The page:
Blackfish and the captive wildlife crisis

BlackfishThis weekend I saw Blackfish, a new documentary that examines how killer whales are held in captivity by entertainment-based companies like Sea World.

Many parts of this movie are heart breaking to watch. Like when the former whale catchers and whale trainers describe what it was like when they witnessed killer whale families being torn apart and the obvious grief they could see the whales experiencing. In the wild, killer whales stick together as families their entire lives.

The movie examines  a number of other characteristics of these naturally friendly creatures, like how they are are among the most emotionally developed in the animal kingdom, how they have language, and how they live to 60-90 years in the wild. In their tiny tanks being held captive, however, forced to perform for food, killer whales on average only live about 25 years. (This discrepancy in life expectancy in wild vs. captive killer whales is one of many examples of Sea World denying blatant facts, in its ongoing defense.)

The sad truth is that there are dozens of killer whales and other intelligent, emotional mammals forced to live captive by humans for the sole propose of entertainment. In Blackfish, one of the former Sea World trainers states that he is sure in 50 years we will look back and be ashamed of and shocked by our actions — the way we treated some of the most intelligent animals on the planet, for so many generations.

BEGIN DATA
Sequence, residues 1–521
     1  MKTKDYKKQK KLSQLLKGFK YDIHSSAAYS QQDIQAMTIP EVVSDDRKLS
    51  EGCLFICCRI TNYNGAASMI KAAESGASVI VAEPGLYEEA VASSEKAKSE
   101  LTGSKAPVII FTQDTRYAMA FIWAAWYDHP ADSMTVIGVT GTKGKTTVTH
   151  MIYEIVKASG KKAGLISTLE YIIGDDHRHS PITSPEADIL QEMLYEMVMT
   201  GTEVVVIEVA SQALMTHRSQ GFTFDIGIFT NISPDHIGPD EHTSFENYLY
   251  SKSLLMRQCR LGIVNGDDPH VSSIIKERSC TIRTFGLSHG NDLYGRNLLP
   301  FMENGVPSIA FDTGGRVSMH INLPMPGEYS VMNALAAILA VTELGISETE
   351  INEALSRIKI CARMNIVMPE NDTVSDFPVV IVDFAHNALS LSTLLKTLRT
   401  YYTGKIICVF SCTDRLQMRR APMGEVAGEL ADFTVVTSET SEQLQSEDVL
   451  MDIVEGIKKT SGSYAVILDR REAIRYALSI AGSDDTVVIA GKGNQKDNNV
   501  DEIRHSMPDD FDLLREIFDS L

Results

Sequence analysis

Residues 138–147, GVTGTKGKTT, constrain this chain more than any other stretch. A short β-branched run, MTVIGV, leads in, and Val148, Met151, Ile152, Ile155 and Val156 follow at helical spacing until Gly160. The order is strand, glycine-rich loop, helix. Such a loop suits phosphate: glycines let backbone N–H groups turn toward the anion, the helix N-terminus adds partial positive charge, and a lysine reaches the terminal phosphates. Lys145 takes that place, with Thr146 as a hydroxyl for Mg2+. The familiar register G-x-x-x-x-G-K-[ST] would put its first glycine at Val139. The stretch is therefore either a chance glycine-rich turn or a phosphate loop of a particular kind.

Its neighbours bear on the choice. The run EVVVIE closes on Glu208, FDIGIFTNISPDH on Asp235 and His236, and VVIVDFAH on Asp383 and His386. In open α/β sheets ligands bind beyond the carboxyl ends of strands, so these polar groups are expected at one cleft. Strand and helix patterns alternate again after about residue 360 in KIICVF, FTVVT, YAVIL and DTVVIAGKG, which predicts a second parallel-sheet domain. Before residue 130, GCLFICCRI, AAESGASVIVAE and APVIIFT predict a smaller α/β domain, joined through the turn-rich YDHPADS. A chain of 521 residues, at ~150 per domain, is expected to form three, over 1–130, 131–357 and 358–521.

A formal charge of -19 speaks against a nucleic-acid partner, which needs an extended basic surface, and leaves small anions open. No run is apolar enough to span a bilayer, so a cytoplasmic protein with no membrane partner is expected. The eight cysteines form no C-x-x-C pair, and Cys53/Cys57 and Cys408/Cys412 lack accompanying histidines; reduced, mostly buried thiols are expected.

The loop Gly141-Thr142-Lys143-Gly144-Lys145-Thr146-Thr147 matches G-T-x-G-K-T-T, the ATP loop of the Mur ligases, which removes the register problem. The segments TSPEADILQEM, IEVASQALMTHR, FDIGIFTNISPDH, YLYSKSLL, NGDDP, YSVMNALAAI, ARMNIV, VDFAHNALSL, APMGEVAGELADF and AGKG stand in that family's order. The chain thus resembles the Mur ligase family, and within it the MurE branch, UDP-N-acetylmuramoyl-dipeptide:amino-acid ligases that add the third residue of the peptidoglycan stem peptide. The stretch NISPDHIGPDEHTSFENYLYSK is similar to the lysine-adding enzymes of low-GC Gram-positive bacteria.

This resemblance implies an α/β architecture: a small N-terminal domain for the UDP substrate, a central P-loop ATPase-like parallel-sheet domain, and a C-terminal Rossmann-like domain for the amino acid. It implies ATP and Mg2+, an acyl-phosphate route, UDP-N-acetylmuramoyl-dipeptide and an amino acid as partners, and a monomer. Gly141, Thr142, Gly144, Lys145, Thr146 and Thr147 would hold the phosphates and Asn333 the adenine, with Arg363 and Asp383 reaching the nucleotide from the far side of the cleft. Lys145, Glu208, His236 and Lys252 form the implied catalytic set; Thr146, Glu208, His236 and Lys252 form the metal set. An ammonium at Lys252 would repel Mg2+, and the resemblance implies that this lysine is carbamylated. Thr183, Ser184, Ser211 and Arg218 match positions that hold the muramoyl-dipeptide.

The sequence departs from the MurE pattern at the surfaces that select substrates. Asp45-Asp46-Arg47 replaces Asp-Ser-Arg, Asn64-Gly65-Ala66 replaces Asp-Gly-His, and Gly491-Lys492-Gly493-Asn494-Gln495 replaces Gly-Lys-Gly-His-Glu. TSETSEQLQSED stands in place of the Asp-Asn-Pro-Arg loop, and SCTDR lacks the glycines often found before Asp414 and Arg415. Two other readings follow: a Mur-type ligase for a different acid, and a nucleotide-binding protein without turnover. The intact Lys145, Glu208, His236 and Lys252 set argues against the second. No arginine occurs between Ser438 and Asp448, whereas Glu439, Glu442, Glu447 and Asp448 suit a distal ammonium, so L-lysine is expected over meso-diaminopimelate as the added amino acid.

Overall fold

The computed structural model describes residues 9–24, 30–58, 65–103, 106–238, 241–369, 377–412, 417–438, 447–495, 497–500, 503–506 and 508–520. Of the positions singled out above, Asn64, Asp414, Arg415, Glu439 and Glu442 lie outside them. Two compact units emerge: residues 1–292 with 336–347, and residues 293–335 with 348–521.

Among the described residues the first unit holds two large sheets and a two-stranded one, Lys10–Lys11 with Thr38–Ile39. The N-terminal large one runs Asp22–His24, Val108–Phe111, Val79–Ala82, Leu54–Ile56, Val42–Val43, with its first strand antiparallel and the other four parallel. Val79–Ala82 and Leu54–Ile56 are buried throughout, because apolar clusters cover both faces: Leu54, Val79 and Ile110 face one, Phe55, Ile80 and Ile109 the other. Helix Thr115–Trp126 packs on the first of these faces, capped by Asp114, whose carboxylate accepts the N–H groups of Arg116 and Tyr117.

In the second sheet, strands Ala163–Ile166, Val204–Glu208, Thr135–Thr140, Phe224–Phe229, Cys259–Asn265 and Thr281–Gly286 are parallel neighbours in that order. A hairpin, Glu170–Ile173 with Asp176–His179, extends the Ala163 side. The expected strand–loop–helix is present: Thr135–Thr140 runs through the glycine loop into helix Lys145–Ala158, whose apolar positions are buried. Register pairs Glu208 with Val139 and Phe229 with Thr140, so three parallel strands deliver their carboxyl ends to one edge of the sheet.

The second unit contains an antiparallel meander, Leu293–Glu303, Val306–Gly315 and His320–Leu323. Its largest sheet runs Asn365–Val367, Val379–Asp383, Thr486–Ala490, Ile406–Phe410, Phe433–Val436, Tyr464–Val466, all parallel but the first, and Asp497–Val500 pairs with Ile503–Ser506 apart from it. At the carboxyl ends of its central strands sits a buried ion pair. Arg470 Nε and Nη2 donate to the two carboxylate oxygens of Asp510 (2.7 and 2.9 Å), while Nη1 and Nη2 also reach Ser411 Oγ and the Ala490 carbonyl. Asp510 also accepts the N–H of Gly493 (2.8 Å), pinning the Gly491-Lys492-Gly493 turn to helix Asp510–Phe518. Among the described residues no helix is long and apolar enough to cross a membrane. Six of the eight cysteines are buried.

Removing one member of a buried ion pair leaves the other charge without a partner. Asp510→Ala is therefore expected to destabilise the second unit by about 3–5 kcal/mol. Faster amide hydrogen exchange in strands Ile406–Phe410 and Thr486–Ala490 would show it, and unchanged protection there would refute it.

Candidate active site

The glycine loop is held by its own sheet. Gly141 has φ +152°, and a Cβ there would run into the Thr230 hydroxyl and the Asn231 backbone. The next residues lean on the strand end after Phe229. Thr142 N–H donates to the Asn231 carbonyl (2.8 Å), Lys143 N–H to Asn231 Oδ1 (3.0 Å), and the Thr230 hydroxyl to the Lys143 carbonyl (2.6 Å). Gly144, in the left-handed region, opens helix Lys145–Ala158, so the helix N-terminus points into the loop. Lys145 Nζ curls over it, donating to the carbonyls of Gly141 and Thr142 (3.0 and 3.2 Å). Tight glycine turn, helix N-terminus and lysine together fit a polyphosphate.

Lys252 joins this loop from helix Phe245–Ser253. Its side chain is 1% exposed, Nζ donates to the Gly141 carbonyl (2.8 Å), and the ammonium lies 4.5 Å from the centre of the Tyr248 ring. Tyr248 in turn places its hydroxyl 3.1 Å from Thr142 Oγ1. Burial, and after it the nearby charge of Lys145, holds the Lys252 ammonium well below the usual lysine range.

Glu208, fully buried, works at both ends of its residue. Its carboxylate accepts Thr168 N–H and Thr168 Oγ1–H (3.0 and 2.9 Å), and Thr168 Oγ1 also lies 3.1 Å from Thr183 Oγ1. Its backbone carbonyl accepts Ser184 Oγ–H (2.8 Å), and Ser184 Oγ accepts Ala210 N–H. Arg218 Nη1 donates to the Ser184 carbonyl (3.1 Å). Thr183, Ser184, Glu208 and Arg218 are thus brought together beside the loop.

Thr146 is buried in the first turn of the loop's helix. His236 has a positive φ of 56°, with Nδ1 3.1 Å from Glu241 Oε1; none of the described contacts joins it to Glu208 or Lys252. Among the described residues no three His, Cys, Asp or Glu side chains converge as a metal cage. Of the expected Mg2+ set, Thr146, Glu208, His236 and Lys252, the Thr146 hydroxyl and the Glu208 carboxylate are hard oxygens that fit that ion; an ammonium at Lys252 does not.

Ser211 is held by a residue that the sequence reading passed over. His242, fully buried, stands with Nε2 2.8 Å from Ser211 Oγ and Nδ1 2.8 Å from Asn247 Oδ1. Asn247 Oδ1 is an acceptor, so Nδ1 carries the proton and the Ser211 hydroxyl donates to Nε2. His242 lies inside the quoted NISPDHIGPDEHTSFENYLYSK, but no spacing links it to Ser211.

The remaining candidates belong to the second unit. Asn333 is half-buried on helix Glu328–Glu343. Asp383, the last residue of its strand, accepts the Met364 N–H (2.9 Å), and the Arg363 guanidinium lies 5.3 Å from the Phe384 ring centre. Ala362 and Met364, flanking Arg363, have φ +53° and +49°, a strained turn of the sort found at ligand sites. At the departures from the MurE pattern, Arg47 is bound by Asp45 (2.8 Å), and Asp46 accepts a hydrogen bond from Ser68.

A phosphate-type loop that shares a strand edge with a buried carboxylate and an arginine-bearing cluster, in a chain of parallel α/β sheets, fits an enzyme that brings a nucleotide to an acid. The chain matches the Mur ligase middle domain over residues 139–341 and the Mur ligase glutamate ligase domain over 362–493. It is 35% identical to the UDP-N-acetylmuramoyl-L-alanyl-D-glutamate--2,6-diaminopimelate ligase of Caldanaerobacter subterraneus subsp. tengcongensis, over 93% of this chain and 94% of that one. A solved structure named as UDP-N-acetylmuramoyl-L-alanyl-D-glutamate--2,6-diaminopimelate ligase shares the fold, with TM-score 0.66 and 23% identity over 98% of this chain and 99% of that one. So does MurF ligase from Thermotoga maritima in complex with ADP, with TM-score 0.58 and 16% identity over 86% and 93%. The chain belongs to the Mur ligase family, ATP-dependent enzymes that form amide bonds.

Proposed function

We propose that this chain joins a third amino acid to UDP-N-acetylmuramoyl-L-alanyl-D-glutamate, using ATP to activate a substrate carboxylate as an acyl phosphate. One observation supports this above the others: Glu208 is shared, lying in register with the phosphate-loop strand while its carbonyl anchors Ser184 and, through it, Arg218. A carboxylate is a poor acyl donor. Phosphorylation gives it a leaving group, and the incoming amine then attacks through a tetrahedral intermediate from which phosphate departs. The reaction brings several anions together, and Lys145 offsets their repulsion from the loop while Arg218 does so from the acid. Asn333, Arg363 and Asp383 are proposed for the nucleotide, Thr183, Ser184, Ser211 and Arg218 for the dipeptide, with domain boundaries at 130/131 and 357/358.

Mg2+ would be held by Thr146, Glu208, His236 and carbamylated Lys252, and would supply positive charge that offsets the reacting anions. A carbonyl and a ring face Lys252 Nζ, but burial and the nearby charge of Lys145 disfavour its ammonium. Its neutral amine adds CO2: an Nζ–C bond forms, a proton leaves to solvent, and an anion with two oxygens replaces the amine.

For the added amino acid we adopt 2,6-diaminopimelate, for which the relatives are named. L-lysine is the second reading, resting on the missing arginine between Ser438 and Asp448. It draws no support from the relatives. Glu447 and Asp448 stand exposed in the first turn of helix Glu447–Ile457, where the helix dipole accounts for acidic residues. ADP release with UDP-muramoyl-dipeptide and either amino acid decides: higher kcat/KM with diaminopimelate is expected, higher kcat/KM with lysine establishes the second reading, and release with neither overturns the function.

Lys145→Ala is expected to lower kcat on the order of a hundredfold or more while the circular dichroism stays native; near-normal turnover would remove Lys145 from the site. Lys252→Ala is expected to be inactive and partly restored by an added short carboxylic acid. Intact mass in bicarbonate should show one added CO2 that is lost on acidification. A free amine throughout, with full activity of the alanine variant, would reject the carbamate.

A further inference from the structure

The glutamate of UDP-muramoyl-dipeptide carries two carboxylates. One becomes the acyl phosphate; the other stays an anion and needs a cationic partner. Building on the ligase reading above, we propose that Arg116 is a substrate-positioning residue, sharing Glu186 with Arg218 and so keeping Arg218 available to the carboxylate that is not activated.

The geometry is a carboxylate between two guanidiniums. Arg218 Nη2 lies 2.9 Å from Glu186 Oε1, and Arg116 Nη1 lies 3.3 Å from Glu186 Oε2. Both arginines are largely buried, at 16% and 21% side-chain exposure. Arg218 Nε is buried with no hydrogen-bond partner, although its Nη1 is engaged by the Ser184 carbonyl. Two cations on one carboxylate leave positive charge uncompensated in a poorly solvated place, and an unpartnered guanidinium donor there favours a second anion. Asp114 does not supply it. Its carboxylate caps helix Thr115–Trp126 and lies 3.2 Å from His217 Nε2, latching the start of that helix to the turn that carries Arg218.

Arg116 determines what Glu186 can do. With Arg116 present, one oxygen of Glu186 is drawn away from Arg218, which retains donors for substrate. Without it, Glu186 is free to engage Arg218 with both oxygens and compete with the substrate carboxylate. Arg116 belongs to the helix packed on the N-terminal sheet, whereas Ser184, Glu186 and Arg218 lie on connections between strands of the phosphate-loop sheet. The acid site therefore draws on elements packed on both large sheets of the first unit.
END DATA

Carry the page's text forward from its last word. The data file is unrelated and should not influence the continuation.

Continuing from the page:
Elephants too, still trained and forced to work for our entertainment in circuses, suffer the same ill treatment. Equally as beautiful as killer whales, elephants were the subject of another eye-opening documentary I recently saw, HBO’s An Apology to Elephants.

For any friends out there thinking of taking your kids to a circus or a theme park with performing sea mammals, I urge you to first take the time to watch one or both of these movies.

Blackfish will air nationwide on CNN on October 24.

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